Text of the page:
The new Echuca-Moama Bridge, the largest transport infrastructure project in northern Victoria and southern New South Wales, is set to open to traffic before the Easter holidays – months ahead of schedule.
The project builds a second Murray River crossing to connect Echuca in Victoria and Moama in New South Wales, currently connected by a single Murray River Bridge that was opened in 1878.
The new river crossing, set to open to locals on Sunday, 10 April 2022, connects the Murray Valley Highway in Echuca with the Cobb Highway in Moama.
The $323.7 million Echuca-Moama Bridge Project is jointly funded by the Australian, Victorian and NSW governments.
Started in late 2017, the project was built in four stages. Construction of new bridges over the Campaspe and Murray rivers constitutes stage three, while stage four is being carried out by Transport for NSW, upgrading the Moama intersections to connect the Cobb Highway to the new Murray River bridge.
McConnell Dowell was awarded the contract to build stage three in October 2019, and the project was originally expected to be delivered by late 2022.
Deputy Prime Minister and Minister for Infrastructure, Transport and Regional Development Barnaby Joyce said the Echuca-Moama Bridge Project would deliver travel and economic benefits to the region.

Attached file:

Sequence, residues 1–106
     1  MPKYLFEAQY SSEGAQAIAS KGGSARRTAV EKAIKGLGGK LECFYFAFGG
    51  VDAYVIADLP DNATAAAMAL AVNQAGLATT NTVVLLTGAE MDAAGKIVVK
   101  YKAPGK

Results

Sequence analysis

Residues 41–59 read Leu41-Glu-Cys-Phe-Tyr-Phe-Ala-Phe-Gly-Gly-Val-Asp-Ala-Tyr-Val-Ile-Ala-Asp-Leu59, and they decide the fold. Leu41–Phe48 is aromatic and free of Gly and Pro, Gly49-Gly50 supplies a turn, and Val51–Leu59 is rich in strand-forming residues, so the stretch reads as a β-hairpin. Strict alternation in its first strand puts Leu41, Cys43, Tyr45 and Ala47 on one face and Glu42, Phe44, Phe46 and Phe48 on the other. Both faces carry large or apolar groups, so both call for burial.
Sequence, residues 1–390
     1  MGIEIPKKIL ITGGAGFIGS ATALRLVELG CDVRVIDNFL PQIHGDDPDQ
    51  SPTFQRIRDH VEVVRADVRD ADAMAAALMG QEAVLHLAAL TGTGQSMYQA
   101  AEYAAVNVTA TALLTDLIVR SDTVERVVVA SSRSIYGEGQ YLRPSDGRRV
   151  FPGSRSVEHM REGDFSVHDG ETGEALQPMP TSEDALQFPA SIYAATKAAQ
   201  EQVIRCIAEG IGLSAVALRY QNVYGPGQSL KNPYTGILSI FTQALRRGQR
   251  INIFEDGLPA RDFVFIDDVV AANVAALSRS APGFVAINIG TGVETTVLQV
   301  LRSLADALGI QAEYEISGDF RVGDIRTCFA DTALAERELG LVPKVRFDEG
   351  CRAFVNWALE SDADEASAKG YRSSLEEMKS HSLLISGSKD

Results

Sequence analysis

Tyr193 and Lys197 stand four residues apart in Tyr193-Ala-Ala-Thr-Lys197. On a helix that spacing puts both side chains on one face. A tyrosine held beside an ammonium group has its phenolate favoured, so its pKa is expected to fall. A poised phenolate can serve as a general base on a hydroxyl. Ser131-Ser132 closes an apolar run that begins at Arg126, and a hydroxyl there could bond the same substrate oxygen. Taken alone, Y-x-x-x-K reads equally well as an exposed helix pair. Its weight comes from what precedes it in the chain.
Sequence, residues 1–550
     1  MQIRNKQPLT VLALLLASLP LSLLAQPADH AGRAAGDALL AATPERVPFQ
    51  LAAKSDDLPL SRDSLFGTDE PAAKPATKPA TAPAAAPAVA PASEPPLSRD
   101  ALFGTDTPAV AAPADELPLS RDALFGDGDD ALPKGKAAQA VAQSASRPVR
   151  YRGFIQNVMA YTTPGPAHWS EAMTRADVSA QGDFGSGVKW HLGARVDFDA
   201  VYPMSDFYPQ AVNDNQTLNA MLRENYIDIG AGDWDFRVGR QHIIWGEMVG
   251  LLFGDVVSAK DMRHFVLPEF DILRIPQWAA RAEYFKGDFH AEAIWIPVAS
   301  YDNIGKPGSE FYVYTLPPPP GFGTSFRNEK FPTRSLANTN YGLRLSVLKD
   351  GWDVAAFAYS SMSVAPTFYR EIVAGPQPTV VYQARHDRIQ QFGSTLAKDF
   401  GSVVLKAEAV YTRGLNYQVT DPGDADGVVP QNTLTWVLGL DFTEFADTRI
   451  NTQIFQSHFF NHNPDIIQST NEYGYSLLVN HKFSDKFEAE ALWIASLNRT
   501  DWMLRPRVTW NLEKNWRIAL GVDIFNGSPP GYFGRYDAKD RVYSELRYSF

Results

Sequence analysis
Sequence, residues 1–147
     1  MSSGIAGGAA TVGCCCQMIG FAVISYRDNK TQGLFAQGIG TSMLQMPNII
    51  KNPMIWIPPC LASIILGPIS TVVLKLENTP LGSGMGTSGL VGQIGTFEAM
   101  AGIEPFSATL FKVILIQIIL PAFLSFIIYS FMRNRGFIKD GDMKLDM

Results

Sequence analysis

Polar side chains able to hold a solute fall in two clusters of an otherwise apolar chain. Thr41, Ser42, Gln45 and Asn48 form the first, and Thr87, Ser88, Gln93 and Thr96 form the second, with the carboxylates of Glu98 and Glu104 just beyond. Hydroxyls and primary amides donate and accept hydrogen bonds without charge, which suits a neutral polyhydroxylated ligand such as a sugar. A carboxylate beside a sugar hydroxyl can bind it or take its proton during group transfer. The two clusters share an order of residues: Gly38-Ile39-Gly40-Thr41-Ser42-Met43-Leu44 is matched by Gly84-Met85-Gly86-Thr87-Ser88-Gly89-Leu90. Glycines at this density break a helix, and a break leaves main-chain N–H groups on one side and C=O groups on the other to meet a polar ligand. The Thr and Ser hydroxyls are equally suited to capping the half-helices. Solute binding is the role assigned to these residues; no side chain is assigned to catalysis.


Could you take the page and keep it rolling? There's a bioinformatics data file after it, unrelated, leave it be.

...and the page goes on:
“This is a once-in-a-generation project that will transform this region, keeping commuters moving and freight flowing to our ports, helping our nation get paid for the products we produce,” the Deputy Prime Minister said.
Victorian Minister for Transport Infrastructure Jacinta Allan said the new river crossing would be warmly welcomed by the local community in Echuca and Moama.
“The community has been waiting for decades for a second river crossing to better connect Echuca and Moama and we’re delighted to be able to deliver that for them months ahead of schedule,” Minister Allan said.
“I look forward to standing there with the community and celebrating the opening of a landmark project that will keep Echuca and Moama moving for decades to come.”
New South Wales Minister for Regional Transport and Roads Sam Farraway said one of the project’s most important legacies would be creating a significant long-standing connection between NSW and Victoria.
“The new river crossing will provide an essential tourism link between Victoria and NSW, with the more than one million people who visit this popular tourist hot spot annually now able to commute between both towns far more easily,” Mr Farraway said.
“In addition to boosting tourism, the project has created more than 400 direct jobs and up to 1,100 indirect jobs, with many local businesses and suppliers employed to provide ongoing services.”
Workers have clocked more than 640,000 hours so far on stage three of the project alone. This includes more than 40,000 hours worked by apprentices, trainees and cadets, which exceeds the project’s Major Projects Skills Guarantee commitment by 25 per cent.
For more information about the project, visit here.